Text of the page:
Nokia has officially pulled down the shutters on Symbian, confirming that the Nokia 808 PureView would be the last device from the company to run the little-loved platform. The news, buried in Nokia’s Q4 2012 financial report this morning, painted Symbian as the lingering remnants of the Finnish firm’s transition over to Windows Phone, with the 808 PureView being a last-hurrah for the OS.
“During our transition to Windows Phone through 2012, we continued to ship devices based on Symbian” Nokia wrote in its financial results. “The Nokia 808 PureView, a device which showcases our imaging capabilities and which came to market in mid-2012, was the last Symbian device from Nokia.”
Symbian had, in various iterations, lingered around since the late 1990s, though became near-synonymous with Nokia after the company acquired it in 2008. However, despite attempts to make it finger-friendly for the growing breed of touchscreen devices, Symbian never quite caught up with its smartphone rivals; while fans highlighted its flexibility, iOS and Android were easier to use and more immediately user-friendly.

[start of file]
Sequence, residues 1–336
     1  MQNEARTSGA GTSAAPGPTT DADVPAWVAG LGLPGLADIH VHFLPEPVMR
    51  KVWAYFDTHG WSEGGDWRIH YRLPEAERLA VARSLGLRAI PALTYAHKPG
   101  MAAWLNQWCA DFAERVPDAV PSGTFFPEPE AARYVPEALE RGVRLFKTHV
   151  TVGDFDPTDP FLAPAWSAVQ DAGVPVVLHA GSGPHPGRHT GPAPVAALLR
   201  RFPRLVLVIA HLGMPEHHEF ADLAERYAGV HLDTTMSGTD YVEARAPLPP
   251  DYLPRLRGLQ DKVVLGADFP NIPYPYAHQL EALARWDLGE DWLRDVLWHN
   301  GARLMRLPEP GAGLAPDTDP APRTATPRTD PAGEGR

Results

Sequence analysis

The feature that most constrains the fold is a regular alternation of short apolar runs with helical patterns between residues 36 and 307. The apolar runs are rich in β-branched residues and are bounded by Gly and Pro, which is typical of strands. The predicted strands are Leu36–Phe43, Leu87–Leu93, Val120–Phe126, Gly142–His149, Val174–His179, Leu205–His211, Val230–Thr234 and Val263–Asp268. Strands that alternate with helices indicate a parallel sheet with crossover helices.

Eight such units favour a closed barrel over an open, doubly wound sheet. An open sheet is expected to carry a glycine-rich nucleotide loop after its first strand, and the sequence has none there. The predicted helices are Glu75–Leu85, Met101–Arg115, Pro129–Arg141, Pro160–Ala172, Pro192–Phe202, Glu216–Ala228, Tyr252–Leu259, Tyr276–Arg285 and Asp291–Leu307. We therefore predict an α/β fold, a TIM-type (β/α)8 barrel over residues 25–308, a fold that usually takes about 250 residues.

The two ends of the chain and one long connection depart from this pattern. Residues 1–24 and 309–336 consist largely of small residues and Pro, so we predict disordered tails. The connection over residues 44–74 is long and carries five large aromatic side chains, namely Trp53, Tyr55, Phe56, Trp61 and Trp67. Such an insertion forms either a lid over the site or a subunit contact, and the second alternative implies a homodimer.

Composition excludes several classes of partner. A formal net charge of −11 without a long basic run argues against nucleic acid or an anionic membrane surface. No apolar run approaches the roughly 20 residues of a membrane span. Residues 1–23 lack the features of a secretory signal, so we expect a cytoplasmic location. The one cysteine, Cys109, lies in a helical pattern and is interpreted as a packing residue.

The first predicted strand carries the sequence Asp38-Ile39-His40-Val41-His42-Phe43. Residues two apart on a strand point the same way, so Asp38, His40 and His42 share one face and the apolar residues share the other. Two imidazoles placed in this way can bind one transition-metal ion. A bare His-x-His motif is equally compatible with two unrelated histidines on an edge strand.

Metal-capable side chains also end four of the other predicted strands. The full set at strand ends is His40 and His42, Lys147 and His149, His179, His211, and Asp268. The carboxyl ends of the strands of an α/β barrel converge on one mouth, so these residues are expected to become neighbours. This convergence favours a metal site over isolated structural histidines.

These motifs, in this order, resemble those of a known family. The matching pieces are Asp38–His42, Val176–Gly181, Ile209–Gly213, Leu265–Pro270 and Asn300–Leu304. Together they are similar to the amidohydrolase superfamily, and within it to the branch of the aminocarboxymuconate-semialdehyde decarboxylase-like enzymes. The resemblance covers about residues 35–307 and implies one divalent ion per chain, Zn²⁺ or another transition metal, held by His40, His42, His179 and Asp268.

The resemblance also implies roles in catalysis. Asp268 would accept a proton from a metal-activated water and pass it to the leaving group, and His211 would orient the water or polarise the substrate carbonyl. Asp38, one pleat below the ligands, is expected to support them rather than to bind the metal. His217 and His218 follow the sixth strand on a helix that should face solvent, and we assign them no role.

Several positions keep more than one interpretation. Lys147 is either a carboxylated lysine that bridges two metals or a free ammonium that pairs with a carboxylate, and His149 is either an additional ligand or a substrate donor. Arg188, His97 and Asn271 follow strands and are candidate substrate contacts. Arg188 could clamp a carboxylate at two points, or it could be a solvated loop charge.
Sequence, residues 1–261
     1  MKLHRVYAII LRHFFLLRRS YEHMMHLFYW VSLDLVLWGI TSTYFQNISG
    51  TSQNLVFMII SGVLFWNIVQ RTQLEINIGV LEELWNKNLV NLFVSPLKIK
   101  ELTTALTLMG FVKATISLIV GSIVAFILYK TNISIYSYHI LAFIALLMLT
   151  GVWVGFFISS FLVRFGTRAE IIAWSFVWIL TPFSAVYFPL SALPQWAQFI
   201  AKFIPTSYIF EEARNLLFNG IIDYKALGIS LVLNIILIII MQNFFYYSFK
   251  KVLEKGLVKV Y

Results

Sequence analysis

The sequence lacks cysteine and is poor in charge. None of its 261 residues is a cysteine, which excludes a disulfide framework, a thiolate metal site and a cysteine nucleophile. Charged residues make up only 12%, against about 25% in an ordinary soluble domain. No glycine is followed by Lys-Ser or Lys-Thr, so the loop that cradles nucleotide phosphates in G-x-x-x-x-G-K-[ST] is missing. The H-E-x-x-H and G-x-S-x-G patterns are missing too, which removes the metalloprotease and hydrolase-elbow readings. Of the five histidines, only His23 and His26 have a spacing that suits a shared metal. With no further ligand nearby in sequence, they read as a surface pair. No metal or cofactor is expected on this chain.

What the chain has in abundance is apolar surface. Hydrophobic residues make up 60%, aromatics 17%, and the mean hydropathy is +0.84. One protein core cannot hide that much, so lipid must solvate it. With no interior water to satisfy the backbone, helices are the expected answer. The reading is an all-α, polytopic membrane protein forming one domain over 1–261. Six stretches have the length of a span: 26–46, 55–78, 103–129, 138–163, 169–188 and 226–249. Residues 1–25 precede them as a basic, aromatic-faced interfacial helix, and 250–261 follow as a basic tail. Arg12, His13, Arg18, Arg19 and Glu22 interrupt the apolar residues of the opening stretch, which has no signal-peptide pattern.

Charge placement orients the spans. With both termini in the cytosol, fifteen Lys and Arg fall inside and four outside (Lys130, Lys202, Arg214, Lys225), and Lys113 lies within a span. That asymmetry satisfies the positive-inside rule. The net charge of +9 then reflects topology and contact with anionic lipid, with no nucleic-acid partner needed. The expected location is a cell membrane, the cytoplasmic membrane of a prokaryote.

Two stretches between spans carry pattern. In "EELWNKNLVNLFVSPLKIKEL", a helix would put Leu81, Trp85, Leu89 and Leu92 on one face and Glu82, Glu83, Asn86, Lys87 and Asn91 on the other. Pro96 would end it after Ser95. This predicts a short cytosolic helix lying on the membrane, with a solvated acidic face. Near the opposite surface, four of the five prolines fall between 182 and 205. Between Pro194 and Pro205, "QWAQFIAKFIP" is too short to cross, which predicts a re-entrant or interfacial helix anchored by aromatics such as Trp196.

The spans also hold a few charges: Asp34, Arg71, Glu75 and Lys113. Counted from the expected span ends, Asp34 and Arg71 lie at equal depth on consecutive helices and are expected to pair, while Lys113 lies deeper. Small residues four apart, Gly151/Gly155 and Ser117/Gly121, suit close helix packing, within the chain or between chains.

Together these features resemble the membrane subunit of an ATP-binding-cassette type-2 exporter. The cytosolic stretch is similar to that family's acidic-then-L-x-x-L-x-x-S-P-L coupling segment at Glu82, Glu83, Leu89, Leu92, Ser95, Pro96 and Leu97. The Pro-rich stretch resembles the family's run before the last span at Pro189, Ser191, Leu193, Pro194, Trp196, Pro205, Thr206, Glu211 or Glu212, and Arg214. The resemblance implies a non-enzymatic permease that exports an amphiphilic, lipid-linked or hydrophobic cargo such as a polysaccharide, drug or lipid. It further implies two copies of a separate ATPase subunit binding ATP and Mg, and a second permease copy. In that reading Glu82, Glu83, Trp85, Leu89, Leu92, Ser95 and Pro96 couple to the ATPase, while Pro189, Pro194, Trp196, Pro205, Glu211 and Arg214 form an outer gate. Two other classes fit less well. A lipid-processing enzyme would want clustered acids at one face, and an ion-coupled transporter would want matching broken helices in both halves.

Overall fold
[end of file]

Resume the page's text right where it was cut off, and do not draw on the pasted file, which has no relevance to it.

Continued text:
Ironically, as it faced its final few devices, Symbian had been refined into a reasonable mid-range platform. With the Belle upgrade, progressively rolled out to older devices such as the N8, it borrowed elements from Android and other OSes, polishing away some of the initial confusion-factor.
That redemption was short-lived, however, and Nokia’s wholesale adoption of Windows Phone meant Symbian had to go. The 808 PureView, Nokia’s 41-megapixel photography experiment, was stuck with Symbian since it would have taken the company too long to rework the five-year project to use Windows Phone instead, though recent rumors indicate a true PureView Windows Phone device, codenamed Nokia EOS, is in the pipeline for this year.